First of all, I doubt that this would work anyway. Are there people out there who are right on the edge of registering to vote, haven’t quite gotten around to it, and my nagging them puts them right over the edge? Somehow, I doubt it. I am fatalistic about telling people to vote, the same way that people are fatalistic about voting itself – will my one voice really make that much difference?
Second of all, I do understand the idea that the greater the voter turnout, the “healthier” the democratic system. There’s a certain collective goodness that comes from more participation compared to less participation. On the other hand, to my mind that depends on how people cast their votes. There are candidates and proposals that are disastrous if they win. I don’t want people voting in such a way that makes the situation worse.
Frankly, not every voter acts in a responsible way. I do not want to encourage lunatics and the feebleminded to cast a vote just to cast a vote, or just to be "part of something." I am not convinced that an ignorant, thoughtless vote is always better than not voting. The U.S. Constitution and Bill of Rights were originally crafted with the assumption that the majority of voters can be wrong and that you have to protect the country against irresponsible forms of democracy.
Along the same lines, if you’re waiting for someone else to remind you to vote, you are probably not highly informed about current events in the first place. If you are only swayed when somebody reminds you to vote, then you may be too easily swayed to be a responsible voter. If you need me to tell you to vote, then you really shouldn't be a voter.
If you're silly enough to think that refusing to cast a ballot will be an effective political strategy, then you are terribly misguided and therefore should not vote in the first place. If you are silly enough to think that your one vote makes no real difference, that actually shows a bit of mathematical wisdom on your part, but you can't see the forest for the trees and therefore should not be voting anyway.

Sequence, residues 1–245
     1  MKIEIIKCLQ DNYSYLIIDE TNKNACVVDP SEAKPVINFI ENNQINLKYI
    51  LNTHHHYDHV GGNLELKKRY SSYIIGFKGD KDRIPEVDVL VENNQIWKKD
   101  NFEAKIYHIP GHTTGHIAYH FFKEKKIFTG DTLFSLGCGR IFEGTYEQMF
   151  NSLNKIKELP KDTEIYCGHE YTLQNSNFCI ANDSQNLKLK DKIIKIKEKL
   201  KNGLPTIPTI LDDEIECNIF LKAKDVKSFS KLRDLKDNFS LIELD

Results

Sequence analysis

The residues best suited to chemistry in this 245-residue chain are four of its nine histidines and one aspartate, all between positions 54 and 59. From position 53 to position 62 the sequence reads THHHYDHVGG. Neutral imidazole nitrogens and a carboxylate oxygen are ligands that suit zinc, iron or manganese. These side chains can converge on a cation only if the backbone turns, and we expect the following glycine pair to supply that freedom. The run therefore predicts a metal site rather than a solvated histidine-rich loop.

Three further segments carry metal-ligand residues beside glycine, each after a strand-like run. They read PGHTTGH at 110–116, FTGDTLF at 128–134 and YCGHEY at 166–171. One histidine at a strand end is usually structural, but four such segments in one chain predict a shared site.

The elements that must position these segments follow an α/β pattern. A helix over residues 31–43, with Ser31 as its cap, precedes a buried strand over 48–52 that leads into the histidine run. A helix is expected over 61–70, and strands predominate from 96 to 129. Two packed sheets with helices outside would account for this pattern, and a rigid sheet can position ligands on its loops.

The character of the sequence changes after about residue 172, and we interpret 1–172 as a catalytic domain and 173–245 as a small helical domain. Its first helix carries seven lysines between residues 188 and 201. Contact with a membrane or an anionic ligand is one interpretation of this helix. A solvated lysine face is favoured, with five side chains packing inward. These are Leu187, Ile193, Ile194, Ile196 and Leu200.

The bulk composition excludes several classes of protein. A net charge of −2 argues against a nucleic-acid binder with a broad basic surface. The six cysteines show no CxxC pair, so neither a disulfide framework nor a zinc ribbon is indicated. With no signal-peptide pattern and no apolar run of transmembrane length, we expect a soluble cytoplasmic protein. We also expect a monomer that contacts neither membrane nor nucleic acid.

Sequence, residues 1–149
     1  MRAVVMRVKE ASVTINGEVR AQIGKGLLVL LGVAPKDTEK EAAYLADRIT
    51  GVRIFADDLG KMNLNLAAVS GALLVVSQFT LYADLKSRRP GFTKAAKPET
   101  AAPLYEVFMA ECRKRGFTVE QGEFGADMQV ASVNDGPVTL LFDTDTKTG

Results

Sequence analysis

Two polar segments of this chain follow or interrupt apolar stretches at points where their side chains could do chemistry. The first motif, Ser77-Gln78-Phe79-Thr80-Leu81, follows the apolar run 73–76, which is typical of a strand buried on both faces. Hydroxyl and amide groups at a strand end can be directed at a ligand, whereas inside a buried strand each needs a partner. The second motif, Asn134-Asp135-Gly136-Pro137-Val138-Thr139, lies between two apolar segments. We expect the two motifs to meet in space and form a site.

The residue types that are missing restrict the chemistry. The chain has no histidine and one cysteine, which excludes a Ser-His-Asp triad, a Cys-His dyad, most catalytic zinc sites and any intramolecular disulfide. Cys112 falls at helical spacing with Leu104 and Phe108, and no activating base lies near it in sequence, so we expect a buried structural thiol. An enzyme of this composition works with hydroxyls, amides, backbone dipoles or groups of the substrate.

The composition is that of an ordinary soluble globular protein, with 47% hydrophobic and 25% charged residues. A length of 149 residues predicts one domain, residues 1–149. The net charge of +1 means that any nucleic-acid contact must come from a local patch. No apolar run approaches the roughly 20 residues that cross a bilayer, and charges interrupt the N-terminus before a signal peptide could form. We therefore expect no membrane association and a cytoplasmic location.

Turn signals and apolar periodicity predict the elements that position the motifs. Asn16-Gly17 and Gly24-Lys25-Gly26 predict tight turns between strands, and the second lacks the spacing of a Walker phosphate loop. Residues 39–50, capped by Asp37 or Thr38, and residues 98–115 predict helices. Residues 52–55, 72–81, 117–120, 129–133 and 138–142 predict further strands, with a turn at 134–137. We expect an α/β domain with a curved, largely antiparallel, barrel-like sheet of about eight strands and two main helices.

Third, there’s my own political self-centeredness. I only want to encourage you to vote if you’re going to vote the way I do. I don’t want to encourage the other side, which is of course made up of the worst sort of people, and it’s beyond me how anyone can vote for them. And, the fewer other people vote, the more relative power my vote has. Being one out of 40 million gives me more power than being one out of 80 million.
Finally, I think telling people to vote has become clearly counterproductive. I suggest we try some reverse psychology in order to increase participation, especially if you want to get more young people to vote. Tell people NOT to vote. Tell them that the government does not want them to vote, and that this is “for your own good.” Tell younger voters that they are too young to have such responsibility and should leave these decisions to people who know better. Make some sort of absurd movie called “Voting Madness,” in the style of “Reefer Madness,” that shows people the horrible dangers of casting a ballot. Get some disgraced authority figures to tell people to stay away from the polls. Have both Obama and Romney tell the people in the other party to skip the election.
Make voting into more of an act of rebellion or counterculture and less one of those boring things from high school civics class, and you may be getting somewhere. Tell people not to, and watch them thwart you at every turn.
Of course, I will be voting. I will vote for all the reasons you are supposed to vote. I actually believe in all the great reasons to cast a vote. If you don't have any of that commitment, then please stay away.
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